There has been very little in the way of expressions of concern from the public as a whole, or from political leaders outside the country. There have been no major public outpourings of solidarity and no “I am Baga” slogans on signboards or online that have managed to go viral. Given the lack of response by the media, it is highly likely that the events themselves are largely unknown to many beyond the region.

So what makes these two incidents so different? Why is one seen as heralding a “new era of terrorism”, and the other, not even deemed worthy of following up? As in Paris, civilians in Baga were specifically targeted and shot. As in Paris, the killers identified themselves as defenders of Islam against Western actions and influences. Indeed the name Boko Haram roughly translates as “Western education is forbidden”, and the group has expressed its support for the Islamic State. And while great care needs to be taken in using the term ‘terrorism’ (given the subjective political baggage it inevitably carries), the events in Baga, Nigeria, were as much acts of terrorism as were the attacks in Paris, France – both involved the deliberate use of violence against non-combatants to intimidate the general population with a view to achieving a political objective.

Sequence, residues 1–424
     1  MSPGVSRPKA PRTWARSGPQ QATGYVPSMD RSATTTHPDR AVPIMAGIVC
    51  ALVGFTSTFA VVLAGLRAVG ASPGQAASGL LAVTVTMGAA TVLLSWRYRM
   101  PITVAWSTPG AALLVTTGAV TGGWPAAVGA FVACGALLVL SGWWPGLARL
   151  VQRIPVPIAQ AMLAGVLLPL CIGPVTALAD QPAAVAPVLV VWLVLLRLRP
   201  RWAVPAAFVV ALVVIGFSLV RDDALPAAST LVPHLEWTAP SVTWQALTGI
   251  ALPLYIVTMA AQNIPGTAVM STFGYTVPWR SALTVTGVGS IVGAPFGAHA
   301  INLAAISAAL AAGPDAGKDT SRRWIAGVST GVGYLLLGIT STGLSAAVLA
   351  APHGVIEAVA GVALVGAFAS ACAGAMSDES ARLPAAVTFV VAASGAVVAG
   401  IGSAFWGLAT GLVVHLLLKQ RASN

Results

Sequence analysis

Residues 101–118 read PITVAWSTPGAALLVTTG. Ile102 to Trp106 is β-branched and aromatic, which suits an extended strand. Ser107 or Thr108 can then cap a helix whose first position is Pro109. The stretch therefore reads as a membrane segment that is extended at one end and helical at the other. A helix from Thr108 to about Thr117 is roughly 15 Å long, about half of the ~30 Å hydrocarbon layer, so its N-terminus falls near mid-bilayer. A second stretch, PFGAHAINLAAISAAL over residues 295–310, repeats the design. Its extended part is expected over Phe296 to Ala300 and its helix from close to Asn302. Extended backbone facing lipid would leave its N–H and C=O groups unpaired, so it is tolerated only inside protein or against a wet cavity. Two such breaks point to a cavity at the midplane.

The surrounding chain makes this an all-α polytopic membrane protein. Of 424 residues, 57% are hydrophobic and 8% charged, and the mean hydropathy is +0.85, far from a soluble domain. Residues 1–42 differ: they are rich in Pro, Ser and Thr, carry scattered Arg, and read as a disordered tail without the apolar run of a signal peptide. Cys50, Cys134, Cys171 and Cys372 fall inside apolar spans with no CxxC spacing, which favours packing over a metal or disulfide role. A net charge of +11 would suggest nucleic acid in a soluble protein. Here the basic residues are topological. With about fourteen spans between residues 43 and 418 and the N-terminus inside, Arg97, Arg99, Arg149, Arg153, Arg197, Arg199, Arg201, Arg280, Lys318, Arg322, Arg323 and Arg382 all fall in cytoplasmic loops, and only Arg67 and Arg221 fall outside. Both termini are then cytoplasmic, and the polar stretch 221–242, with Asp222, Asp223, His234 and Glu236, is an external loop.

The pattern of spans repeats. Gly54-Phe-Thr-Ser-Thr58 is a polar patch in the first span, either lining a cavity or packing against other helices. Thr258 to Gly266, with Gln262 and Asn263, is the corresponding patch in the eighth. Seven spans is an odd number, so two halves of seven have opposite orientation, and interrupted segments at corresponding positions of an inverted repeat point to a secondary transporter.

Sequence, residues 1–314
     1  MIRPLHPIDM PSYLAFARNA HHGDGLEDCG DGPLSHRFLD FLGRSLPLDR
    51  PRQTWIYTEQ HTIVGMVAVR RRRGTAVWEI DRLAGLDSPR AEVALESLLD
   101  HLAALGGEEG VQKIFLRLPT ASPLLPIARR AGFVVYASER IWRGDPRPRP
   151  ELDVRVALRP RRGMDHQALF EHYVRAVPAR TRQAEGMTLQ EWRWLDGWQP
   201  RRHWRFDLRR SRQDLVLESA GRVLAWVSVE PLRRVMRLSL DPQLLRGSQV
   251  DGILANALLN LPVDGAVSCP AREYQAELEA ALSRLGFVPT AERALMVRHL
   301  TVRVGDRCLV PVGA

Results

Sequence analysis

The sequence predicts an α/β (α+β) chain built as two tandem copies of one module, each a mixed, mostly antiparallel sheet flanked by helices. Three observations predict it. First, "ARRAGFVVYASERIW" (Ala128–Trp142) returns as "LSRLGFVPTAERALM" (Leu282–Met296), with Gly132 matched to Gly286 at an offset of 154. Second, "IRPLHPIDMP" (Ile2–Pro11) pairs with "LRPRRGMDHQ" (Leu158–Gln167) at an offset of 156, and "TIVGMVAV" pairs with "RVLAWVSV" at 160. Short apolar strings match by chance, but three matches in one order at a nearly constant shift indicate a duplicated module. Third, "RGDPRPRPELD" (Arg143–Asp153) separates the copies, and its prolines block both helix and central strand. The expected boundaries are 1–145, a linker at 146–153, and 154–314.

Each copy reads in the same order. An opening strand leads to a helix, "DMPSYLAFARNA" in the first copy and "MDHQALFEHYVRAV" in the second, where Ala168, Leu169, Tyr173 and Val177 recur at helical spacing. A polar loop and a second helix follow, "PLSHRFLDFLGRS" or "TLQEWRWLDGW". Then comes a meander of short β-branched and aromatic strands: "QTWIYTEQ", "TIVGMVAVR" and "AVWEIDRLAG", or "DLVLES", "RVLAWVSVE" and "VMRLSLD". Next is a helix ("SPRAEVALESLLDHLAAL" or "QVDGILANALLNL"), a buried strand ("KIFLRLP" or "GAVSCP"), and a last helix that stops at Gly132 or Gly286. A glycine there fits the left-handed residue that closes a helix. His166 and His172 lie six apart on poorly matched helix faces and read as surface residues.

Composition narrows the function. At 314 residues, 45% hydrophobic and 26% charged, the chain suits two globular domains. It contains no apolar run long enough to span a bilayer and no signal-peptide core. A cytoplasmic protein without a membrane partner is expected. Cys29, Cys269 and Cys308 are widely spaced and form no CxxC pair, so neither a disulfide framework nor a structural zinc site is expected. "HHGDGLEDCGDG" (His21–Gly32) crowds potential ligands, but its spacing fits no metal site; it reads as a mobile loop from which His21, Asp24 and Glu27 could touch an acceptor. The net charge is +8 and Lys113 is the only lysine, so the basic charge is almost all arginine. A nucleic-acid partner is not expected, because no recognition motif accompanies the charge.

One major difference between the atrocities is clearly the fact that while the civilian victims in the Baga massacre were targeted en masse, the civilians targeted in the Paris massacre were primarily media personnel (albeit from a particular media publication). This gave the attention to the Paris massacre the additional angle of the attempted intimidation of journalists. It must also be said, however, that this is a constant and global issue of concern. Threats by Boko Haram against journalists are part of the reason why the conflict has tended to attract little media coverage to begin with. Throughout the world in 2014, a total of 96 media personnel were killed, seventeen of whom were killed in Syria. The fact that the eight media personnel killed in Paris were killed in a single incident does of course make this case significant. But the 2009 killing of 32 media personnel in a single incident in Maguindanao, Philippines, along with a number of politicians (that the journalists were accompanying) and other civilians, did not result in a fraction of the attention, coverage or outrage on a global scale that we see now. Foreign news corporations did not categorize the incident as representing a “new era of terrorism” or a “war on freedom”, and the attacks sparked little debate about the importance of protecting journalism from intimidation and the challenge to freedom of speech.